DOT choosing winners and losers'
From her office on Main Street in Sac City, Shirley Phillips glances out the window and watches an occasional big rig rumble past. To her, it looks a lot like opportunity driving on by.
The newly-elected president of the U.S. 20 Corridor Association has just about run out of patience.
After more more than 40 years of trying to convince the government to complete the paving of Highway 20 as a superhighway through northwest Iowa, a 90-mile gap still taunts area communities, which are convinced that the lack of a good arterial road is costing them their best opportunity to score economic development.
Now, with a recently announced policy shift from construction to maintenance, the Iowa Department of Transportation is pushing back anticipated completion of 4-lane U.S. 20 across Iowa - again.
Phillips is seething at the latest setback, but she isn't quitting.
"This is not the first time the DOT has come at us with this. We are used to hearing setbacks," she told the Pilot-Tribune.
"This is very disappointing, but we aren't quitters. If we were, we would have quit long ago."
Phillips said that the state officials are claiming desperation for highway funding, but she said that her research from federal sources contradicts that claim.
"I don't know how the DOT can justify the efforts made for economic boosting in the rest of the state and leave this area out in the cold yet again," she said. "You can pick up a map and I'll show you where the state funding goes," east of Interstate 35.
There is still reason for optimism for Highway 20, Phillips feels - with traffic counts increasing significantly in areas where four-lane has been developed, new economic developments pouring into those communities, and another stretch of four-lane underway in Webster County.
She said traffic counts have increased as much as 17 percent near Webster City, while the DOT Director himself told the local advocates that just a 1 percent increase would be seen by the state as significant.
The new stretch of highway near Moorland will be a danger, she predicts, "dumping people off the four-lane and throwing them under the underpass," but when the DOT realizes that, it may be quicker to extend the four-lane work west, she said.
The 4-lane statewide proposal has languished for decades. Talk of the project started in the late '50s, with the state actually purchasing right of way in Ida County for the work in the 1960s. Since then, it has been a string of promises and excuses.
"Members of the U.S. 20 Corridor Association are disappointed with the Iowa DOT's lack of commitment to this project," Phillips said, suggesting that if the governor were to ask for a major road improvement in Des Moines, the state would find the funds relatively instantaneously.
In the 40-plus years the Highway 20 project has been left on the back burner, many other four-lane projects have been completed for the other parts of the state.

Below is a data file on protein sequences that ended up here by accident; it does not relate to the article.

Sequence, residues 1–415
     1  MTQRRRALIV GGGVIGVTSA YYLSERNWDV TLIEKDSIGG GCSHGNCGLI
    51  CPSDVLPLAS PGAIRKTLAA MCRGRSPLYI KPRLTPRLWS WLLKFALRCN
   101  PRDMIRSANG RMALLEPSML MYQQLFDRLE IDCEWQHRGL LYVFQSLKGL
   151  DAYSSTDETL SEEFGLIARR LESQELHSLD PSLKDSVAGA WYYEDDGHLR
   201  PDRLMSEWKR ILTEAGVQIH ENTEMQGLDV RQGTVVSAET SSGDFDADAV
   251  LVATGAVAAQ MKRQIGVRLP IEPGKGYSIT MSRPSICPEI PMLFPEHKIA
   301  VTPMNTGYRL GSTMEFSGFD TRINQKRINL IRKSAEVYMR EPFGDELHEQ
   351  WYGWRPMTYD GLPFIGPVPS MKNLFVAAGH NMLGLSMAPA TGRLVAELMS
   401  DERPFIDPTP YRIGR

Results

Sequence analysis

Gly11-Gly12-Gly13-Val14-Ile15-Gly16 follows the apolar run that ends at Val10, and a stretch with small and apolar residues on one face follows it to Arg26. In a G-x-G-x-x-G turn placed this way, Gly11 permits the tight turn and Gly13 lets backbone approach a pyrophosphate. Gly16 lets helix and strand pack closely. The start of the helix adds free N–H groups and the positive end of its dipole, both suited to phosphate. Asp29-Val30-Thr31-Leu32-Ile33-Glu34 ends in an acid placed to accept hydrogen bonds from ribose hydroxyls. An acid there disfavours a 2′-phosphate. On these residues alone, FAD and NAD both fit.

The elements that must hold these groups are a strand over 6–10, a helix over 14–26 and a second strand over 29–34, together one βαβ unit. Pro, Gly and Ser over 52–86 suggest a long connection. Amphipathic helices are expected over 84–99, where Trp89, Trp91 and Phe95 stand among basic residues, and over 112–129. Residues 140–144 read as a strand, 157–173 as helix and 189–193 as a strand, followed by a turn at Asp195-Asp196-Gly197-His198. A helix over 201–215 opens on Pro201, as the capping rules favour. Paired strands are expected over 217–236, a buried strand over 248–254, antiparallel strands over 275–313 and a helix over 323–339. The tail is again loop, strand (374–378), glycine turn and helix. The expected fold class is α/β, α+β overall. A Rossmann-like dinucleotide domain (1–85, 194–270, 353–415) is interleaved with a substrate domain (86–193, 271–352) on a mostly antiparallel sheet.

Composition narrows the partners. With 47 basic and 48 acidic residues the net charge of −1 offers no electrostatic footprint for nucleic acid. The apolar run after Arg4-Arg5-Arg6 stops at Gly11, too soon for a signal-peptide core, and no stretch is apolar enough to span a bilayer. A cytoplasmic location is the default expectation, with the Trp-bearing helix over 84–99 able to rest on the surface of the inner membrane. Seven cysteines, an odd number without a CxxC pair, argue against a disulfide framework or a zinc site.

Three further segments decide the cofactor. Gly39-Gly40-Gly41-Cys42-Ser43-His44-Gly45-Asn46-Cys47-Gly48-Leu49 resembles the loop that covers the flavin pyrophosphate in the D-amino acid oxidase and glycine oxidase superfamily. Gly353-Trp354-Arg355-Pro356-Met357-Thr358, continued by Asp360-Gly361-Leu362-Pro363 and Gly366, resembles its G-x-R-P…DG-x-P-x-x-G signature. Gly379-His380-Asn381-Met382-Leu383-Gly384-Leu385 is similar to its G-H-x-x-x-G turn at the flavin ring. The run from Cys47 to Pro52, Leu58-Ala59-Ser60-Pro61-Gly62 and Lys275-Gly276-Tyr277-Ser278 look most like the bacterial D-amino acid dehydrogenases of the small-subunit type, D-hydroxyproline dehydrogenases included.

The Iowa Congressional delegation continues to push for Highway 20 development. "As Congressman Steve King says, this is the largest geographic area in the state that does not have a four-lane highway. We deserve a decent transportation system in western Iowa too.
Both King and Tom Latham have called for multi-million-dollar entitlements for Highway 20 in the pending transportation bill, and King has delivered $1.5 million for work in Woodbury, Ida and Sac counties, according to the Association.
At the U.S. 20 Corridor Association meeting in April, Latham remarked, "U.S. 20 isn't about concrete, it has a huge impact on the future of our state and it is critical for us to grow economically. All of the other contiguous states seem to be on board..."
So where are the state leaders on this issue? Phillips wonders.
"The DOT is, in effect, choosing economic winners and losers in this state," by slighting western Iowa transportation.
Safety and economics are the dual issues that keep the local association members at a task that long ago became frustrating and wrapped in red tape.
"Anybody that drives between Highway 71 and Moville has to recognize the need. The shoulders are terrible," Phillips said. "Along with the safety factor, this is crucial to our hopes for economic development. The communities were the new four-lane has been added say they have never seen such business activity in their towns."
She cites a list of major agribusinesses, tourism centers, major retailers, transportation-related companies and ethanol plants announced for new highway areas in central Iowa.
Members of the U.S. 20 Corridor Association, on which Storm Lake has been represented for years, are urging area individuals and businesses to take the issue upon themselves, and write to the DOT Commission at 500 Lincoln Way, Ames, to demand that the four-lane system finally be completed.
"The squeaky wheel gets the grease," Phillips said. "That's what it's going to take."
On the Net: www.4lane20.com